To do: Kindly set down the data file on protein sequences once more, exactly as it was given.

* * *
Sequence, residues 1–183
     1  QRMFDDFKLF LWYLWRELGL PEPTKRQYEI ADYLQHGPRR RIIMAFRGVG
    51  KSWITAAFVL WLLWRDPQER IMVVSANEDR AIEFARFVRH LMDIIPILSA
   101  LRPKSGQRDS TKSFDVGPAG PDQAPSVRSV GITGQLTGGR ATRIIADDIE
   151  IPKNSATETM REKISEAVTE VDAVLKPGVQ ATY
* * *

Sequence, residues 1–183
     1  QRMFDDFKLF LWYLWRELGL PEPTKRQYEI ADYLQHGPRR RIIMAFRGVG
    51  KSWITAAFVL WLLWRDPQER IMVVSANEDR AIEFARFVRH LMDIIPILSA
   101  LRPKSGQRDS TKSFDVGPAG PDQAPSVRSV GITGQLTGGR ATRIIADDIE
   151  IPKNSATETM REKISEAVTE VDAVLKPGVQ ATY